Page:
A state representative could give Lilburn the land city leaders want to annex - but only if the city changes its liquor laws.
Rep. Clay Cox, who lives in the city, said he will propose a local bill to allow the proposed annexation of more than 100 businesses, but only if the city council agrees to the change its alcohol ordinance to match the county's.
The city has faced criticism for outlawing entertainment such as live bands, karoake and pool tables in establishments that serve alcohol.
Cox held a town hall meeting for business owners affected by the proposed annexation at "The Dumpster," a restaurant on Indian Trail Road.
There, he said, business owners said they did not want to squash their entertainment offerings. Gas station owners also complained about the city's policy outlawing the sale of single beers.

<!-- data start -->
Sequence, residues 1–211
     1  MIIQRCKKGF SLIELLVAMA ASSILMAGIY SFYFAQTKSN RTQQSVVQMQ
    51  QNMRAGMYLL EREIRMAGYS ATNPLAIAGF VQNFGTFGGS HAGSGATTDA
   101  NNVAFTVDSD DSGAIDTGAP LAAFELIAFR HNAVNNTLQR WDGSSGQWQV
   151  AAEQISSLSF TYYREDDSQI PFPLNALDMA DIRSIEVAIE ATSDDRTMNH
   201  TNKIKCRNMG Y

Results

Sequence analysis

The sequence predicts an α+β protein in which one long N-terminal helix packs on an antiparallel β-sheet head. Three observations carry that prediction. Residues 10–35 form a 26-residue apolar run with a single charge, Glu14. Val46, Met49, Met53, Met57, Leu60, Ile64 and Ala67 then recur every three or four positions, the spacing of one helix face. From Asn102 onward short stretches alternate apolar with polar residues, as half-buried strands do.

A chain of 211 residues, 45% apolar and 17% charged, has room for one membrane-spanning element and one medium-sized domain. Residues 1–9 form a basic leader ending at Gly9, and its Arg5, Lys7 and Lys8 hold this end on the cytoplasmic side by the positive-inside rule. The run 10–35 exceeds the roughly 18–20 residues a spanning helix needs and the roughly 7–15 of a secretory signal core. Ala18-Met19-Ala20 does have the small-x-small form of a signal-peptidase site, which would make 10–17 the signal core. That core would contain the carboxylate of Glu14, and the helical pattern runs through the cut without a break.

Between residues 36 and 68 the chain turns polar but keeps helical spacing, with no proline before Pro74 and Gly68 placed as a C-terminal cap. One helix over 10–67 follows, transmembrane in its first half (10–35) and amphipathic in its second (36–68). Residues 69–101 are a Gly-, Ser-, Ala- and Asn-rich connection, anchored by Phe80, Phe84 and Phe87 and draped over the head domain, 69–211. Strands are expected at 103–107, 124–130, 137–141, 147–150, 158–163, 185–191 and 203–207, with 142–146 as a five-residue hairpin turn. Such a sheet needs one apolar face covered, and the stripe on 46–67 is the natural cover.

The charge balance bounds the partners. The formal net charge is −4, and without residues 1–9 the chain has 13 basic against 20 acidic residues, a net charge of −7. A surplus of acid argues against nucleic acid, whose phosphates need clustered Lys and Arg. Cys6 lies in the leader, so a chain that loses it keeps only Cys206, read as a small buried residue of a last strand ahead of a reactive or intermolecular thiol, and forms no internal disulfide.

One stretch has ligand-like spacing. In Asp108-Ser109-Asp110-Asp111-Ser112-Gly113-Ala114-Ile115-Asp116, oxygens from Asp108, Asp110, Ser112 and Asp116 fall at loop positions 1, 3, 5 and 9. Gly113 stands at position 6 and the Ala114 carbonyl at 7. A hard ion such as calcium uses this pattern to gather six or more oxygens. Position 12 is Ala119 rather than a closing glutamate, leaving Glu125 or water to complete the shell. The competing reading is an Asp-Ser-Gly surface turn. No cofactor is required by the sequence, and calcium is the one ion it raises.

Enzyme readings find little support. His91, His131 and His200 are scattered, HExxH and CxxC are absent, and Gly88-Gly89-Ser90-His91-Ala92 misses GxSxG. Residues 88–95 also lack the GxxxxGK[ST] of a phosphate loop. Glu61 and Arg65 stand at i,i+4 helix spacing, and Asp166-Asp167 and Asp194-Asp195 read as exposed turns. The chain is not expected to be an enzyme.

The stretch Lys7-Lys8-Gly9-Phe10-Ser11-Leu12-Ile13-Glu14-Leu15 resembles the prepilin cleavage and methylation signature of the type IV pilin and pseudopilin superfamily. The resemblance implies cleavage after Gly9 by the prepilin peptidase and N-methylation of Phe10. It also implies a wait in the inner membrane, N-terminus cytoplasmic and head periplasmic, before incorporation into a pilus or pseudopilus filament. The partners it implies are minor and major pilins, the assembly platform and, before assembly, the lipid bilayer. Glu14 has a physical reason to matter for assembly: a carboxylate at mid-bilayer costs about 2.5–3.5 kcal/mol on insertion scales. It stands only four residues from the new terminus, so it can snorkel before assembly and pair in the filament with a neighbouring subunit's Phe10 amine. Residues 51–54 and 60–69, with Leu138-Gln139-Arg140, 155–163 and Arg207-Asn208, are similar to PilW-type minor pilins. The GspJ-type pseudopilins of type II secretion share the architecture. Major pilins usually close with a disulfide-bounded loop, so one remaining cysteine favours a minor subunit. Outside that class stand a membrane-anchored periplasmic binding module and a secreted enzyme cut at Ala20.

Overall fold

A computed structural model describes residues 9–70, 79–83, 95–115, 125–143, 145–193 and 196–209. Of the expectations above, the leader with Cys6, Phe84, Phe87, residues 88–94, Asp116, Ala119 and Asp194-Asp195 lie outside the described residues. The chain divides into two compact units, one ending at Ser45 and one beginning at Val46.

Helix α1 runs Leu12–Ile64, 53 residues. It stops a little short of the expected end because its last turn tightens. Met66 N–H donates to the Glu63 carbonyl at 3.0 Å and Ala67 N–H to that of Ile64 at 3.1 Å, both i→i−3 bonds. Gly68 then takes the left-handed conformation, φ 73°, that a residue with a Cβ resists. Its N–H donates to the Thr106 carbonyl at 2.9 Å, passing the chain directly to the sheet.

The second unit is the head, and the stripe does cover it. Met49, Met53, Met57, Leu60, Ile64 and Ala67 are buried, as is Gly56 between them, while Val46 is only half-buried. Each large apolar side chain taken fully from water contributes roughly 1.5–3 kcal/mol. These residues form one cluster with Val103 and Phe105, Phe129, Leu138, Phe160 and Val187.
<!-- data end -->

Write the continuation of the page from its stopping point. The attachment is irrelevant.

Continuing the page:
"It's not fair for a city to annex a business and all of a sudden tell them what they are doing is illegal," Cox said, saying his bill would stipulate the city's alcohol ordinance would have to change for the annexation to take effect.
He is also considering requiring a referendum for the about 24 voters whose homes would be annexed in the proposal, which is much smaller than the original that would have doubled the city's population.
Cox, who is the head of Gwinnett's House delegation, said he found a bill that could be amended to add the county's proposed change to allow alcohol sales on Sunday at the Gwinnett Braves stadium.
A House member who sponsored another alcohol proposal said he's amenable to the change, but Cox has to ask a senator to guide the bill in that chamber.
The Lilburn Republican had proposed a law change earlier in the session, but his efforts were thwarted when a proposal to allow Sunday package sales statewide was taken off the table earlier this month.
Political Notebook appears in the Thursday and Sunday editions of the Gwinnett Daily Post. Camie Young can be reached via e-mail at email@example.com.